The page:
VALPARAISO | A new business accelerator planned for downtown Valparaiso aims to launch high-tech and entrepreneurial startup companies.
In January, entrepreneurs with big ideas will be able to apply for classroom seats at the new accelerator – the Northwest Indiana Tech Foundry – which will give them $15,000 in seed money and mentor them for 90 days before sending them out into the world with enough guidance to turn a vision into cash flow. The program will be based in downtown Valparaiso and be open to tech startups with ideas for services they could sell nationally or internationally, said Kelly Schwedland, entrepreneur-in-residence for Elevate Ventures, a statewide initiative that supports entrepreneurship.
Carefully screened startups would have concepts for how to create or gain ground in a national or international market, Schwedland said. The fledgling companies would often consist of just a "hipster, hacker and hustler" – or a creative mind, developer and salesman.
The program would start in summer 2014, mentor 10 startups at a time, and be similar to the Techstars Chicago accelerator at The Merchandise Mart downtown. That accelerator has graduated companies such as SpotHero, a online business that helps drivers reserve guaranteed parking spots in seven cities across the country.
Schwedland said the accelerator concept is different than a traditional business incubator, which houses startups in shared office space until they grow large enough to leave. The Northwest Indiana Tech Foundry will be more of a crash course in how to get a new tech company up and running, such as how to raise venture capital funding, how to develop a customer base and how to generate cash flow. Entrepreneurs will also get funding in exchange for a small share of equity.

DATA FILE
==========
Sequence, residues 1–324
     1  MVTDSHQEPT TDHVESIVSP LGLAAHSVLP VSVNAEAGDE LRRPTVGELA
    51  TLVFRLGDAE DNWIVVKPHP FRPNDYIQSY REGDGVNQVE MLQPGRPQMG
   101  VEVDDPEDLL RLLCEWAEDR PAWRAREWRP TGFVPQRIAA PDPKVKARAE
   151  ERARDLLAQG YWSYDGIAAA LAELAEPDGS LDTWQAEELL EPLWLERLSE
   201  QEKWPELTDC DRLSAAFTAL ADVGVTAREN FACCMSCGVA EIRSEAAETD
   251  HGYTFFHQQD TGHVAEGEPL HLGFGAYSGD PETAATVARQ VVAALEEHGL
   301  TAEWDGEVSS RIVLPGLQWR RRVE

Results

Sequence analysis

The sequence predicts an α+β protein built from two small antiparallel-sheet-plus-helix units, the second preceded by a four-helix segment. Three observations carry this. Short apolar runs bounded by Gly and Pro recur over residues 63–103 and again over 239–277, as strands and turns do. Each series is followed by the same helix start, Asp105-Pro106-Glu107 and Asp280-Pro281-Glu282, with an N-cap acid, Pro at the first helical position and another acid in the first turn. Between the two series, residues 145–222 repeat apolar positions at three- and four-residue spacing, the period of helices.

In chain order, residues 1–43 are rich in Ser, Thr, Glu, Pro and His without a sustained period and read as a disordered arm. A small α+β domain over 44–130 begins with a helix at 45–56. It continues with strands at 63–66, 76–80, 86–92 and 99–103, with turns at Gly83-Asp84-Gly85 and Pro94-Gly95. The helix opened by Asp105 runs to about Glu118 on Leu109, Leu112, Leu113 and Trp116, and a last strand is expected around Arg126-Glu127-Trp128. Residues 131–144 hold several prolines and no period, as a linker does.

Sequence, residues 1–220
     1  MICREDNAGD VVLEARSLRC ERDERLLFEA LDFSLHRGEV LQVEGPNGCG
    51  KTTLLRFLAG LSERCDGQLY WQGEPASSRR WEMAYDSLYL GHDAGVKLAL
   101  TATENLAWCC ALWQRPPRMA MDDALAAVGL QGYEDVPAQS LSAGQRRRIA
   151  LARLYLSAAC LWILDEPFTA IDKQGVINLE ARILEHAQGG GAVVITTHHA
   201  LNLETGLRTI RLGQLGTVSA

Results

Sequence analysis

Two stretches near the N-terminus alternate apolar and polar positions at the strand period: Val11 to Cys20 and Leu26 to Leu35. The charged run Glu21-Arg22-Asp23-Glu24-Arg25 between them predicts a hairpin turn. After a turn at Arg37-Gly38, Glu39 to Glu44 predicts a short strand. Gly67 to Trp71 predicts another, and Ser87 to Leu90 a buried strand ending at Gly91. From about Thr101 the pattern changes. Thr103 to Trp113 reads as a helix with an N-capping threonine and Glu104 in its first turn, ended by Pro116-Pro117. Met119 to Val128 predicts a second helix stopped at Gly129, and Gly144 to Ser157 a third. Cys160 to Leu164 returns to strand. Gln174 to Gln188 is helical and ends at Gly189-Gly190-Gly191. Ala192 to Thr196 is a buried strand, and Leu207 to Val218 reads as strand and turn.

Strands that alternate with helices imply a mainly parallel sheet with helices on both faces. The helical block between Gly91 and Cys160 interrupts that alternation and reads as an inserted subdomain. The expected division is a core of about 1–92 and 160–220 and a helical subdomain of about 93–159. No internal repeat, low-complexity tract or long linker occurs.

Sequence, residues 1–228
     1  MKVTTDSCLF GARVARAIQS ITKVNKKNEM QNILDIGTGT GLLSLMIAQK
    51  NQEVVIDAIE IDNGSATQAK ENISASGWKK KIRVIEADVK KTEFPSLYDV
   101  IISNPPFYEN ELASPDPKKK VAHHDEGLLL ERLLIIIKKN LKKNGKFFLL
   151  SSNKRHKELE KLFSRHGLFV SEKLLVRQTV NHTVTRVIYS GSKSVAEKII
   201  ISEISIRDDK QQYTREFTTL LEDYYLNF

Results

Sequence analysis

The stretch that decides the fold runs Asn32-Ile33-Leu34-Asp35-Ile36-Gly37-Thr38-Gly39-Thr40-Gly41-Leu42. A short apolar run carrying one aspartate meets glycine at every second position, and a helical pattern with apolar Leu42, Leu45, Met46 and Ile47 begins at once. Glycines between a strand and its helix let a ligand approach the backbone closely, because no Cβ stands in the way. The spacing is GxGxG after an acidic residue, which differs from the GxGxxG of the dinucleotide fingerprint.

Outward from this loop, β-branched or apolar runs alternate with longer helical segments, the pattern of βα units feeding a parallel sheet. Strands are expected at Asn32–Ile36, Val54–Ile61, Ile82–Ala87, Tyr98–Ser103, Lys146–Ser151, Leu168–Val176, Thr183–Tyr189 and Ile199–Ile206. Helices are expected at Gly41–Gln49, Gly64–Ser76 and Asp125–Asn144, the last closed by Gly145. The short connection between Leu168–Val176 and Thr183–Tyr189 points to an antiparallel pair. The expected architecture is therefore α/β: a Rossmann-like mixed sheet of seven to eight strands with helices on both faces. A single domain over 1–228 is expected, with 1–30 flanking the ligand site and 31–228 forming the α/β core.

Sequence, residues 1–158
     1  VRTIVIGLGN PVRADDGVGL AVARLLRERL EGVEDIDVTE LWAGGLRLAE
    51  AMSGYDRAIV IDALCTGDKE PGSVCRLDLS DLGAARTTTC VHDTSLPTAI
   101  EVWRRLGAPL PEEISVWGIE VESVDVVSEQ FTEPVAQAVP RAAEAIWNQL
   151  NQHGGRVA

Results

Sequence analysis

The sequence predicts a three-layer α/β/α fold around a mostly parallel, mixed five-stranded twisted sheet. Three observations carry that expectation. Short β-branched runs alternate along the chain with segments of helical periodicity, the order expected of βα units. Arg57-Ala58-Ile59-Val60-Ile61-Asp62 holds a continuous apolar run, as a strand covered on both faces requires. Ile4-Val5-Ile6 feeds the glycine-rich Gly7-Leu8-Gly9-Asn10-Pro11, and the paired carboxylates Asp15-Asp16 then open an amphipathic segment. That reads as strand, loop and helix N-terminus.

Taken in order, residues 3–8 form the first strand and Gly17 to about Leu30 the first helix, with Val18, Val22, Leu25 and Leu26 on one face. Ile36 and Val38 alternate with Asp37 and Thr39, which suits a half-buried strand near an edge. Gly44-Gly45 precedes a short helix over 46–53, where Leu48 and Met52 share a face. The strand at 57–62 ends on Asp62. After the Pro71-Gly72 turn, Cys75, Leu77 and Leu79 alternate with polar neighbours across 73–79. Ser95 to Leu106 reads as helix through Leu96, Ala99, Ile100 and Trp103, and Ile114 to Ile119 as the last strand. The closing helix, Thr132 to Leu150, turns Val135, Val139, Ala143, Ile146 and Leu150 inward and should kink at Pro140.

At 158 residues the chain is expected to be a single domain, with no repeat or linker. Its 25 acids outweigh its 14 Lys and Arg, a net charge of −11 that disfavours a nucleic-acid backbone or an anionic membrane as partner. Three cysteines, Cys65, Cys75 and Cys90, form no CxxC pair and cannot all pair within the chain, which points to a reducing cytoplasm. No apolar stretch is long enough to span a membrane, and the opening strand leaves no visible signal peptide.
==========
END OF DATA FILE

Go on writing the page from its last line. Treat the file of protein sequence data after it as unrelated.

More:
The accelerator program will last for three months, but the foundry will be open year-round, hosting guest speakers and other events.
Currently, Velocity in Jeffersonville is the only dedicated accelerator program in Indiana, Schwedland said. The Purdue Research Park in Merrillville also offers accelerator services aimed at developing fledgling companies.
He announced the accelerator at a standing-room-only workshop in Valparaiso on Wednesday. Startup business network Startup Front and the statewide venture development group Elevate Ventures co-hosted the event, which was aimed at coaching entrepreneurs on how to get startup funding from investors.
BookaCoach.com co-founders Myles Grote and Kevin MacCauley told a crowd of entrepreneurs and techies about how they secured $125,000 of funding from Elevate Ventures in exchange for an equity share of their company.
Their online business – valued at $1 million – helps parents find sports coaches who have been verified as safe to provide one-on-one lessons to their kids. Currently, BookaCoach.com mainly caters to the Indianapolis and Washington D.C. markets, but serves coaching academies in nearly all 50 states and has the potential to tap a market of more than $6 billion, MacCauley said.
Coaching academies have gravitated to the site, which offers them free tools such as online scheduling and payment processing. Parents pay an extra fee, similar to a Ticketmaster surcharge, to book lessons through the website. BookaCoach.com has been surveying parents and coaches to figure out whether it could offer services that would convince people to pay monthly subscription fees.
Schwedland said the main takeaway was that BookaCoach.com validated assumptions in its business model, such as what customers would be willing to pay for and how much revenue it could reasonably expect.